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GREATER LONDON INDUSTRIAL ARCHAEOLOGY SOCIETY

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Notes and news — April 1973

In this issue:

The Oldest Gasholder

Hammersmith Council has recently refused listed building consent to the demolition of No. 2 gasholder at Fulham gasworks. This was built c.1830 and is the oldest known gasholder in the world. Now out of use, it is listed Grade II. A short article by Keith Whitehouse appeared in the autumn 1972 'London Archaeologist' and offprints of this can be obtained from Michael Bussell, 21 Fitzgeorge Avenue, W14 by sending a stamped addressed envelope (preferably 9"x4" or larger). Comments on the future of the holder will be welcomed, as it stands in the middle of an active industrial site, posing a number of problems including that of access. Michael Bussell

Clapham Transport Museum

After closing at the end of April, the majority of the British Rail exhibits will go to a new museum at York. London Transport's collection, part of which has been kept in store, will be displayed at Syon Park in the near future. 26 major items, including three tramcars, several buses, Metropolitan Railway locomotives and several models. Not far from the Brentford Depot and Transfer Sheds of the Grand Union Canal. Terry G. Thomas

Bear Gardens Museum

A new venture located in an ex-workshop/warehouse (a few bits of equipment remain). The normal theme is angled more to the history of entertainment on the South Bank, but until mid-May there is a good exhibition of local artists' paintings and drawings of warehouses and buildings in the area. Open weekdays and Sunday afternoons (20p). Thumb-nail "broad sheets" on local history on sale (7 for 25p). Not far from two well-known pubs: the Anchor on the riverside and the galleried George. Terry G. Thomas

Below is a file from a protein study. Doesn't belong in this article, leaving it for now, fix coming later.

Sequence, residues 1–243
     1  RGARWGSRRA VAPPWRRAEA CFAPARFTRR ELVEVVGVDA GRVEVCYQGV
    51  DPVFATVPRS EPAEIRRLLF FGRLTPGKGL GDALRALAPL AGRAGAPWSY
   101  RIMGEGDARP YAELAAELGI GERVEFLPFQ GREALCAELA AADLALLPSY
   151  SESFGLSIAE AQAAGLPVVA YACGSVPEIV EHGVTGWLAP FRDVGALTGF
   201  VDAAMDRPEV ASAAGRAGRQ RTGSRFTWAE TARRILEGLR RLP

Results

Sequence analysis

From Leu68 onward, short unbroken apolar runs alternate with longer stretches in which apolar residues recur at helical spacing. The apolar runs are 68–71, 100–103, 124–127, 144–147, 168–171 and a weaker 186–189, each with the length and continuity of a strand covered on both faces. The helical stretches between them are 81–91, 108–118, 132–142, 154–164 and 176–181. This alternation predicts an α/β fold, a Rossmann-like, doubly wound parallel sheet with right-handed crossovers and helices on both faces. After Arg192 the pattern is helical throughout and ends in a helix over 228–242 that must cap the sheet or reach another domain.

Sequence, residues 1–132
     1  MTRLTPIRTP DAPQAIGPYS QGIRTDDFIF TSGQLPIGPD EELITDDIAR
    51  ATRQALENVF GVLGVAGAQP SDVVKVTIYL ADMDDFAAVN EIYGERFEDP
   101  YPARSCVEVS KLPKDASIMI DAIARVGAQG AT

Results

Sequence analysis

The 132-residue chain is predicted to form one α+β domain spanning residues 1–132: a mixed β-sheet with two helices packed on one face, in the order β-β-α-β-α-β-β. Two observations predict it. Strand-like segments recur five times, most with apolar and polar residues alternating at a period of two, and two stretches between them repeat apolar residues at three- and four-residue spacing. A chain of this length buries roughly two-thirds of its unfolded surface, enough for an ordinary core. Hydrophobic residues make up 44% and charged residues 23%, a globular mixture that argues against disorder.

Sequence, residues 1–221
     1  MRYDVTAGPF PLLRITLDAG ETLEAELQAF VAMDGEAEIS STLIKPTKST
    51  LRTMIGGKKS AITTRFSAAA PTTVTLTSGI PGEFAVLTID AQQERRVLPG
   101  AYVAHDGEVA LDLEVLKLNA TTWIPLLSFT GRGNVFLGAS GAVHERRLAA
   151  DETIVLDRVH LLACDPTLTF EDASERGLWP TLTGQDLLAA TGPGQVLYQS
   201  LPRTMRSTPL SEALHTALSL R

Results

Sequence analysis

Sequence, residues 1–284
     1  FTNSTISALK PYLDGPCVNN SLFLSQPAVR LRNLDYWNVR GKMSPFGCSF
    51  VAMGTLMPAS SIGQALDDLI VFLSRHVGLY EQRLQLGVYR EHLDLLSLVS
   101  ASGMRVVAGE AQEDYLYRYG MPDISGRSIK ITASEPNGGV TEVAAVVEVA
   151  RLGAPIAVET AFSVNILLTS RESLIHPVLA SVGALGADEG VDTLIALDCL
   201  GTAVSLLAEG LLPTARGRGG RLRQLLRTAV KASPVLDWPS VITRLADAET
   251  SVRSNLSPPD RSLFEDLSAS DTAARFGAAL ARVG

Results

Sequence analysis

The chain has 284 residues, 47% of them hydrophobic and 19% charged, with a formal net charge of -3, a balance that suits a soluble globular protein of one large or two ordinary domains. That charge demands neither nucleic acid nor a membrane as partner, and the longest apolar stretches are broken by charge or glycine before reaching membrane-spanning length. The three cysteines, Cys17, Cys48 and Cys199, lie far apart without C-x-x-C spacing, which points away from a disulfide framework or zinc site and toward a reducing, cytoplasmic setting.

Visit to two disused Underground stations

A party of 15 visited Down Street and St Mary's underground stations on the afternoon of 31st March.

Down Street (on the Piccadilly line between Hyde Park Corner and Green Park stations) was closed in 1932 on the opening of Green Park Station. The original station frontage still exists and part of it is in use as a travel agents. During the war the below ground portion was used by the Railway Executive and the War Cabinet as 'bomb proof' emergency offices. This was done by building walls along the platform edges. The platform area and also the access passages were then divided into office 'cubicles'. Present access is by the original spiral emergency staircase but the old lift shaft is now full of ventilation equipment.

Down Street.  Robert Mason, 2.10.14

St Mary's is on the District line between Aldgate East and Whitechapel and was closed in 1938. The area above ground has been redeveloped and is now occupied by a petrol filling station. Access is through flush door in the wall of the filling station. Here also walls have been built along the platform edges, the space formed being used as air-raid shelters. These still contain concrete perimeter benches and also two ventilation fans which are arranged so that they can be hand cranked in the event of a power failure. Except for the above and also one stairway (which was removed as it was unsafe) the station remains generally in its original condition. Allan Goode

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© GLIAS, 1973